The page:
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Acting In Love (14:13-23)

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Jesus said that the world would be able to recognize who His followers are by their love. “A new commandment I give you: Love one another. As I have loved you, so you must love one another. All men will know that you are my disciples if you love one another.” (John 13:34-35 NIV)

As followers of Christ we have to admit, with shame, that we have not always displayed the kind of love for one another that we should. Often times this lack of love for one another becomes apparent over matters of opinion. There are many things about which the Scriptures do not give specific instructions. The faith of some followers of Christ allows them to do certain things. Others, whose faith is not as strong, have a conviction against it. As humans, we have a tendency to condemn those who do what we do not approve. Similarly we tend to look down on those who have a scruple against doing things which we approve.

In chapter 14 of his inspired letter to the followers of Christ at Rome the Apostle Paul points out that our fellow believers are servants of Christ. It is not our place to judge someone else’s servant. All of us will stand before God’s judgment seat. Each of us will have to give an account for our own actions to God.

In chapter 14, verses 13 through 23 he goes on to say, “Therefore let’s not judge one another any more, but judge this rather, that no man put a stumbling block in his brother’s way, or an occasion for falling. I know, and am persuaded in the Lord Jesus, that nothing is unclean of itself; except that to him who considers anything to be unclean, to him it is unclean. Yet if because of food your brother is grieved, you walk no longer in love. Don’t destroy with your food him for whom Christ died. Then don’t let your good be slandered, for the Kingdom of God is not eating and drinking, but righteousness, peace, and joy in the Holy Spirit. For he who serves Christ in these things is acceptable to God and approved by men. So then, let us follow after things which make for peace, and things by which we may build one another up. Don’t overthrow God’s work for food’s sake. All things indeed are clean, however it is evil for that man who creates a stumbling block by eating. It is good to not eat meat, drink wine, nor do anything by which your brother stumbles, is offended, or is made weak. Do you have faith? Have it to yourself before God. Happy is he who doesn’t judge himself in that which he approves. But he who doubts is condemned if he eats, because it isn't of faith; and whatever is not of faith is sin.”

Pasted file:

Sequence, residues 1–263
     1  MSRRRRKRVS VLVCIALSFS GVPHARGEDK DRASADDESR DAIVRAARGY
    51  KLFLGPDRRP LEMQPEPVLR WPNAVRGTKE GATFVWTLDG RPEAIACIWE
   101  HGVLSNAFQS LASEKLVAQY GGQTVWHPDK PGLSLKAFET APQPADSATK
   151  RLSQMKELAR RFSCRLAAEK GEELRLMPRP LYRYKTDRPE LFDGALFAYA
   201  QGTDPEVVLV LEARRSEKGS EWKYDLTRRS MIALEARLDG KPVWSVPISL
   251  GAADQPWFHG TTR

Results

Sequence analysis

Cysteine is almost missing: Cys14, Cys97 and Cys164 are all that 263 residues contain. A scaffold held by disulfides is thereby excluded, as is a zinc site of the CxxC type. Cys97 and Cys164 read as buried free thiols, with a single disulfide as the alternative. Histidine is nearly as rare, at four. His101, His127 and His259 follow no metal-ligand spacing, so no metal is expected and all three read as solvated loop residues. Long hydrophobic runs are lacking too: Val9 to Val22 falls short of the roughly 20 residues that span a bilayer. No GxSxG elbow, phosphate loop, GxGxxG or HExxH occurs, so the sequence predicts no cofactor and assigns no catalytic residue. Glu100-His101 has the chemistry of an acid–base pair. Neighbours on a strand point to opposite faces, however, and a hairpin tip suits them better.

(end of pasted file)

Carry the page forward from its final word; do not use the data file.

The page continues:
In this passage Paul gives us several principles which will help us to live in harmony with fellow believers who have different opinions than we do. He writes that we should decide not to put a stumbling block or obstacle in their way. In other words, we must determine not do anything which will tempt or cause a fellow believer to sin. This means that we will not pressure someone to violate their conscience. If they have a conviction against something, we will respect their scruple – even if we are convinced that their scruple is misplaced.